Sunday, January 22, 2006

Orange is the Color of...

Well, oranges.
But more to the point: it represents Bronco power in Denver and Reformational power in Holland.

In the former case, it is claimed that since the sunset is orange (at least out in the Rockies) God must be in favor of the Broncos.
In the latter case, it represents the liberator, William of Orange, who helped create Protestant Holland in the 1500s.

In the former case, orange is the color of the helmet-god whose oblong. leather scepter dominates the fall ESPN schedule, commanding obedience from its followers with weekly religious fervor.
In the latter case, orange is a symbol of religious freedom and Protestant belief, commanding respect and life-and-blood-giving commitment.

Such religious commitment--in both cases--expresses the heart-felt conviction of those in each following. If this simple concept is accepted, then it is readily apparant where the heart of many hundreds of thousands (millions?) of fanatical, fundamentalist football fans resides: not in the God of Christianity but in the god of sports.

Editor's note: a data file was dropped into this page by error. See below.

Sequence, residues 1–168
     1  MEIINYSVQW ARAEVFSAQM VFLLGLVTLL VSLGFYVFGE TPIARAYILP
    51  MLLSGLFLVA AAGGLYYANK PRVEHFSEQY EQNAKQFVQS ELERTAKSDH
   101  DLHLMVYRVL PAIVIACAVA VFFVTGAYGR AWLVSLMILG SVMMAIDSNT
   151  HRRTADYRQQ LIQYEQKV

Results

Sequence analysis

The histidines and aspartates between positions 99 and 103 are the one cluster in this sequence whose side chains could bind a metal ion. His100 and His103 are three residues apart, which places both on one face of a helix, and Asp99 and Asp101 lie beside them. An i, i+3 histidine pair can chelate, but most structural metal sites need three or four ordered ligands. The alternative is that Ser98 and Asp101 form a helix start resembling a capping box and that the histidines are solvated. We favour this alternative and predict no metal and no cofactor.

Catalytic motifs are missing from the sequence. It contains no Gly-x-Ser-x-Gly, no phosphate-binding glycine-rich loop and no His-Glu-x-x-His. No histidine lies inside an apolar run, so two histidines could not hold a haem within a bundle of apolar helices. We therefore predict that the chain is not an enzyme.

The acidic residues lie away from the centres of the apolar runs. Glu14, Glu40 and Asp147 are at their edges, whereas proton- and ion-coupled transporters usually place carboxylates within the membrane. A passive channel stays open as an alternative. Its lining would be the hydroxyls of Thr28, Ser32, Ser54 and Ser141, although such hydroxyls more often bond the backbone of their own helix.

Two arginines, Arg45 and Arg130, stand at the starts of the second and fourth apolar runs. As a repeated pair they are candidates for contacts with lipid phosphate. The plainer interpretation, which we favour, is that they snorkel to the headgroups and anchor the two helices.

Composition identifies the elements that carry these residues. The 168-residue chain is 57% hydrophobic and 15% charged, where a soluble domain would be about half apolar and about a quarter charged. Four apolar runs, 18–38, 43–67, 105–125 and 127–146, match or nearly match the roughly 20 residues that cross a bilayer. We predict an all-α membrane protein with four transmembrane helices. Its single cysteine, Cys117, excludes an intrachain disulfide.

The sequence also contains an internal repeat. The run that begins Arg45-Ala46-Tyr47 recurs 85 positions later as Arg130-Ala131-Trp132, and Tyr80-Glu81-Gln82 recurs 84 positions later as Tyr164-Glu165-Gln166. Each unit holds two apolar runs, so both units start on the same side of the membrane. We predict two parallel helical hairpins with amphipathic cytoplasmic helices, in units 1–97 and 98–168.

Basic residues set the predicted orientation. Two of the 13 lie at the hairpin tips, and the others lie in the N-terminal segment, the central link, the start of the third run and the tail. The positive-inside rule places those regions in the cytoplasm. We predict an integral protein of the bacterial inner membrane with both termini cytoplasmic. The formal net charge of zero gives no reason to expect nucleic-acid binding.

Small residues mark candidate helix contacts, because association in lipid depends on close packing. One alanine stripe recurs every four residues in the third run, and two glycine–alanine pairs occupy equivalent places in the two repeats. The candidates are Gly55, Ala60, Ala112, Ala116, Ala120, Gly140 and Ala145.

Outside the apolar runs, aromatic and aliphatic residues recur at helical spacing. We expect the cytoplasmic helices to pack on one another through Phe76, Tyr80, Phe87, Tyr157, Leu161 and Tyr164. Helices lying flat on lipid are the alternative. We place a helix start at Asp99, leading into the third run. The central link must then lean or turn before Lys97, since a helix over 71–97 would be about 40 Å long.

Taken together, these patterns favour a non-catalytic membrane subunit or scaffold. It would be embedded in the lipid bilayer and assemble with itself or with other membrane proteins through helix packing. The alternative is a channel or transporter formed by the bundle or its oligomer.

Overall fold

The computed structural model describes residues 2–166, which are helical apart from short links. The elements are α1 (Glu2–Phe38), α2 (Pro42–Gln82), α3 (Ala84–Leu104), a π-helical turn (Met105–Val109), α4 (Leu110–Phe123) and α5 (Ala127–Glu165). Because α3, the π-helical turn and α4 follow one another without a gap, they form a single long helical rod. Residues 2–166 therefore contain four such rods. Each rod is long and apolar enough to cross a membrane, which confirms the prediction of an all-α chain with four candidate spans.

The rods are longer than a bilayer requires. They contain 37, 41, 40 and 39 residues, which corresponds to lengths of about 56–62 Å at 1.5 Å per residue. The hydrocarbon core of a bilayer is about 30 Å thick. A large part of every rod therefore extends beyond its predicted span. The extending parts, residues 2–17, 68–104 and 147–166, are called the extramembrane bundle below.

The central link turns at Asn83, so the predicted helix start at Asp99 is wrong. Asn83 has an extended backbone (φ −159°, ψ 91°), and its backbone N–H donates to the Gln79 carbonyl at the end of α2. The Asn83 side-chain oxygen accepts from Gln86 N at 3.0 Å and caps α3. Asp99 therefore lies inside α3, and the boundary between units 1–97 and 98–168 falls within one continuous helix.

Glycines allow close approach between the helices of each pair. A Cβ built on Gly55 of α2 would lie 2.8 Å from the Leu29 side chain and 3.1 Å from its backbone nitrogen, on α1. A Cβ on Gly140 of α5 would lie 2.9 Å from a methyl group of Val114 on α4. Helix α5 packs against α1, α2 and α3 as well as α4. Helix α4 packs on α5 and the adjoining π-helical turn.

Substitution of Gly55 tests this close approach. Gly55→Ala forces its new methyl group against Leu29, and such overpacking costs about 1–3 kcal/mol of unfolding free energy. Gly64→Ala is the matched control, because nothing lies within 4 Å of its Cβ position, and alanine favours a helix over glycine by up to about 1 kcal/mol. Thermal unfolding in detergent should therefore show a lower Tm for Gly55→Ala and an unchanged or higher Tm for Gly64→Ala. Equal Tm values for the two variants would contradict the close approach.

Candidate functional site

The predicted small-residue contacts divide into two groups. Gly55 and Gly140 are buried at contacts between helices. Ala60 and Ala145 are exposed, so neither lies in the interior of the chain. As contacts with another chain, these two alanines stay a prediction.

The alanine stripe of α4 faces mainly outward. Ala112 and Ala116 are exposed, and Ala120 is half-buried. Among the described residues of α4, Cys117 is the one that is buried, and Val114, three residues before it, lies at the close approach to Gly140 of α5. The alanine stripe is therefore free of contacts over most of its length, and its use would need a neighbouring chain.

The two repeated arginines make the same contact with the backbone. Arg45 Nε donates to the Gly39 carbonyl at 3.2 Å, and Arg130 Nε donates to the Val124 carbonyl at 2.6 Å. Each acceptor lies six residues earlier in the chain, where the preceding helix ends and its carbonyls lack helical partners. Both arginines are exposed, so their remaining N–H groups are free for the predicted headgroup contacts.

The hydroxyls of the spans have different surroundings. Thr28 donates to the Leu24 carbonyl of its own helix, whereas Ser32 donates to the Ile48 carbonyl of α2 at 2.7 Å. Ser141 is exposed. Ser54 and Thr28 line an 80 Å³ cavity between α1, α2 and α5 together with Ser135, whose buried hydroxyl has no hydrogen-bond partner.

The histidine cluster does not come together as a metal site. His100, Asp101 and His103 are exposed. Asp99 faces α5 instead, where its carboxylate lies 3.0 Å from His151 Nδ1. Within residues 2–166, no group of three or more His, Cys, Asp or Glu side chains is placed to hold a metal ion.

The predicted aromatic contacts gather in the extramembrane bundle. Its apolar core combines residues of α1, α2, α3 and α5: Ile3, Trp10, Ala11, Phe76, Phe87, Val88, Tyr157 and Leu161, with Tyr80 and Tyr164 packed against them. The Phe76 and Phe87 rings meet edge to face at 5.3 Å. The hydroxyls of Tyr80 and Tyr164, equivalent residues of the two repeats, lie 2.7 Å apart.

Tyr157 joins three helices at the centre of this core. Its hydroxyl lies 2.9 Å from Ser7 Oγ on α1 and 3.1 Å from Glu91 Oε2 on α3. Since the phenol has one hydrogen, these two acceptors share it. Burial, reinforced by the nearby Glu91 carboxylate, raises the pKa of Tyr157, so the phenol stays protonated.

The proof is in the orange pudding:
People spend money on what is important (real or imagined); many spend money on sports (lots and I have to tell you the price of a hot dog at a game?), therefore that is important for them.
People spend time on what is important: many spend time on sports (lots and get the idea), therefore it is important to them.

However, hobbies and entertainment are Biblically acceptable. So, money and time are not the most perfect indicators (but fairly reliable!). It is when conflict ensues--between God's law and man's desire--that the true colors bloom forth.

Thus, when God says tithe to me, fans will tithe to football.
Thus, when God says take time for me, fans will take time for
Thus, when God says prioritize your life around me, fans will prioritize around their other god.

People will offer themselves to Saturday sports-saturation such that they are exhausted on God's Sabbath. Others will show their true colors by completely missing public worship and spending money on the local game. Still others will sacrifice family worship, bible studies, and catechism for their kids, but they will not miss that oh-so-important Monday Night Game, Saturday practice or Sunday kick-off.

Yesterday, the Broncos lost. Good.